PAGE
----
Arlington Fire Department Dealing with Growing Community

View Comments (
)
|
Email
|
Print

    NEWSLETTERS

    The Arlington Fire Department says it will likely have to ask for more resources to keep up with a growing call load and community.

    The Arlington Fire Department says it will likely have to ask for more resources to keep up with a growing call load and community. That was just one of the messages the agency delivered when it presented its annual report to the Arlington City Council Tuesday.

    According to that report, there was a 3 percent increase in call volume in 2013 – the fourth straight year crews were responding to more calls. The team at Station 2, which is one of the busier fire stations in Arlington, can attest to that.

    "We're out more than we are in [the station]," said David Humphreys, an Arlington firefighter/paramedic. "It's pretty steady. We keep increasing each year in the number of calls."

    Fire Chief Don Crowson says as the city grows and new health care laws take effect, he expects the demand for their services to rise even higher.

    "It looks like the future may mean for us some future requests for additional staff," said Crowson.

    But he says if they want more resources from the city, they have to show city leaders how effective and efficient they can be.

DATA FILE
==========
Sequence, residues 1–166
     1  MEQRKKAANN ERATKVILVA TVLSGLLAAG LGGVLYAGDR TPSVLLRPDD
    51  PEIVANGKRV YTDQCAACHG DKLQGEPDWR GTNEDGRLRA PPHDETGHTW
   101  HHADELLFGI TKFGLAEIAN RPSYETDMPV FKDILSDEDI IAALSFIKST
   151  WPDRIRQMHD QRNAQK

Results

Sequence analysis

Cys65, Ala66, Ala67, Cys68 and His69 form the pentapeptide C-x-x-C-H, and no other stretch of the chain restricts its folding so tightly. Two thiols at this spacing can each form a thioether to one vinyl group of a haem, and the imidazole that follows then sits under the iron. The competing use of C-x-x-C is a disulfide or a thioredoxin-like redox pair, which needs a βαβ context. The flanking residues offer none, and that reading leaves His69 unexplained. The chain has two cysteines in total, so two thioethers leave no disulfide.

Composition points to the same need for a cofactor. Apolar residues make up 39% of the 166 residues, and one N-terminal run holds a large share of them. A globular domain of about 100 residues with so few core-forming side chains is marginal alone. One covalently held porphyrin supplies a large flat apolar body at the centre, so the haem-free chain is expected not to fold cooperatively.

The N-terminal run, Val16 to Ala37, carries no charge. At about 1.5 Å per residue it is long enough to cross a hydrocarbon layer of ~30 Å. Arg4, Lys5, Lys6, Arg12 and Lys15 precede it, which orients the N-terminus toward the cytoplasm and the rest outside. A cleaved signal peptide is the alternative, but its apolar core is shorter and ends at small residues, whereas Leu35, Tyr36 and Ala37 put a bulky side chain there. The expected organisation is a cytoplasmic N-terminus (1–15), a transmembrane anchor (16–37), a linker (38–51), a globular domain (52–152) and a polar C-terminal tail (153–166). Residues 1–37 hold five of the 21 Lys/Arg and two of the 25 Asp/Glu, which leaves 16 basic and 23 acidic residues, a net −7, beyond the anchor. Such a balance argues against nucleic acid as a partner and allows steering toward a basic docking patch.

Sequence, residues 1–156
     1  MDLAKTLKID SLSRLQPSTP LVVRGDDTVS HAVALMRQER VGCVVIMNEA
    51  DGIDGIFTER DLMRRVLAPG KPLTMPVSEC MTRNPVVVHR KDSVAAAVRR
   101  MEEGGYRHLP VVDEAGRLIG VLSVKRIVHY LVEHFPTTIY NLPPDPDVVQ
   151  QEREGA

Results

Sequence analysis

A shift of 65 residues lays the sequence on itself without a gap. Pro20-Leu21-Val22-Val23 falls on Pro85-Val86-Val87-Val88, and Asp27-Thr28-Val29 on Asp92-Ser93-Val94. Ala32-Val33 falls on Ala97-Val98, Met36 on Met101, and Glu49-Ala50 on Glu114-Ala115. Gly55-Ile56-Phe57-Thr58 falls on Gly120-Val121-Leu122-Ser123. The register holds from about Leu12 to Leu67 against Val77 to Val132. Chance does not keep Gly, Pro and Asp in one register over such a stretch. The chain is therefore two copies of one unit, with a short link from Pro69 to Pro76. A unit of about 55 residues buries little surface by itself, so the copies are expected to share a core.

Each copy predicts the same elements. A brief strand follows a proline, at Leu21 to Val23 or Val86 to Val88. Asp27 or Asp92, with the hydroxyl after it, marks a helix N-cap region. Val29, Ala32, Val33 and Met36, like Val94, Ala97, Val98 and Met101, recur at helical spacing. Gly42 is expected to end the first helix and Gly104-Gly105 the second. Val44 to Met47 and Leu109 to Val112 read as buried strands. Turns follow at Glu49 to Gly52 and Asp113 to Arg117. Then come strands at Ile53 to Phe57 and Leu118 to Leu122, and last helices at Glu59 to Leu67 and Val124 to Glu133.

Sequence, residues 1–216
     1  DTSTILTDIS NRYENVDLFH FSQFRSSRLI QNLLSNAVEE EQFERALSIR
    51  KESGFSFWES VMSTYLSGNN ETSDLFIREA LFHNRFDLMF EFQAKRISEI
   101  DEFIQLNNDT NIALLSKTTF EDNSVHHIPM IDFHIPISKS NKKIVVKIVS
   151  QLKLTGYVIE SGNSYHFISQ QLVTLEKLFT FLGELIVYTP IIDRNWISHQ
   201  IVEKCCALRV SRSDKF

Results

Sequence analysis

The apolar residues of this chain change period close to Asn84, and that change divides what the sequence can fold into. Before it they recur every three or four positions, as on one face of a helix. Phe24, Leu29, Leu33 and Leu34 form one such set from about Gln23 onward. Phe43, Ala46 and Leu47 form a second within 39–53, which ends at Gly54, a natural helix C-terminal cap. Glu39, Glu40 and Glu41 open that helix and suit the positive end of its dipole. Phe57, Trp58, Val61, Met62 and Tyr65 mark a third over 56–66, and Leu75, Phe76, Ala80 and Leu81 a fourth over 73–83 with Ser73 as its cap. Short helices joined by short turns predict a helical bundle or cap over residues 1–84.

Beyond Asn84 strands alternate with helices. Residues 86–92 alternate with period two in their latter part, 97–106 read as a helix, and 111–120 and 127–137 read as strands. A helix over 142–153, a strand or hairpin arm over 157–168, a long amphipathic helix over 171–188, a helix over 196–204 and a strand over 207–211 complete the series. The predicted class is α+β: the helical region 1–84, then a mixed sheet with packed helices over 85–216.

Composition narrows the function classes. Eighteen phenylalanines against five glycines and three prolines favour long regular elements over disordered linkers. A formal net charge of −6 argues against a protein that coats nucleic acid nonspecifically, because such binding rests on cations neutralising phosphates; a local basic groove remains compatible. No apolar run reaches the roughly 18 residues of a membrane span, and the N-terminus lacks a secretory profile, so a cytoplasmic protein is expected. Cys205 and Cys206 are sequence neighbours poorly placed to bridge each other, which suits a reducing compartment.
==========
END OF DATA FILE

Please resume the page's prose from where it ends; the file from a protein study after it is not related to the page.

At Station 2, they're doing that with the department's new Squad Car program. Rather than send a fire engine to minor EMS calls, they can send one of the Squad Cars, an SUV that is equipped with all the gear that first responders need.

    "We reduce wear and tear and these half a million dollar [fire engines] and we extend the life of them because we're using a lightweight vehicle to make these calls," said Crowson.

    He says it also allows them to keep engines at multiple stations free to respond to more serious calls.

    "Last year, we ran almost 2,700 calls just on [the Squad Car]," said Humphreys.

    Crowson says it's just one way they’re getting creative as they meet the needs of a growing community.

    "We've got to see the future now and start positioning for it," said Crowson. "We're putting together a team to do just that, to forecast what the future holds for us and to build in efficiencies."

    Despite these challenges, the annual report showcased some impressive numbers for the department. In 2013, firefighters were able to keep fires contained to the room where they started 45 percent of the time, which consequently led to an 11 percent decrease in total fire damage per capita.